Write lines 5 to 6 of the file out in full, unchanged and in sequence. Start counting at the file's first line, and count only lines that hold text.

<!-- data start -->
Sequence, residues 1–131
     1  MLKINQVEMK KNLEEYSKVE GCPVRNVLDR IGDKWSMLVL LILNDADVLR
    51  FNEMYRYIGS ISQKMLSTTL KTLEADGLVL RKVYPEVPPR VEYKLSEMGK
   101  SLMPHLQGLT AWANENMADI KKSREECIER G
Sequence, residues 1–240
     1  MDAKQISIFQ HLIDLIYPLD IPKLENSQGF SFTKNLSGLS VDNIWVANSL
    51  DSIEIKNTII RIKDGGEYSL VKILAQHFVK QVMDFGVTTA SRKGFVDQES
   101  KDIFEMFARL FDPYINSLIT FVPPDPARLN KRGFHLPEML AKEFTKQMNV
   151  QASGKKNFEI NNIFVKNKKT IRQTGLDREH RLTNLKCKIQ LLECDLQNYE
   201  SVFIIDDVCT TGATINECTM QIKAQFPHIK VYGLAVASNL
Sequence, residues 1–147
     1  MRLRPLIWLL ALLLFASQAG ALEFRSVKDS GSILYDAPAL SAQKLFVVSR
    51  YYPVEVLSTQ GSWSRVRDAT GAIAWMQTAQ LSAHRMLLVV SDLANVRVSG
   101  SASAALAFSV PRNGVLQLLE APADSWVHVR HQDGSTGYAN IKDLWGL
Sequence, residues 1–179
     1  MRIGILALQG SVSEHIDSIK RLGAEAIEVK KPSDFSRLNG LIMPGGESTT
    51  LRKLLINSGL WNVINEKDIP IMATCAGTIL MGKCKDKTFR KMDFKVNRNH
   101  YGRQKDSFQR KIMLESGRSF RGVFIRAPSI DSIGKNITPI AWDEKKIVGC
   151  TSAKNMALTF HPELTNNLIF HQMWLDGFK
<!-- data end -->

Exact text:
Sequence, residues 1–240
     1  MDAKQISIFQ HLIDLIYPLD IPKLENSQGF SFTKNLSGLS VDNIWVANSL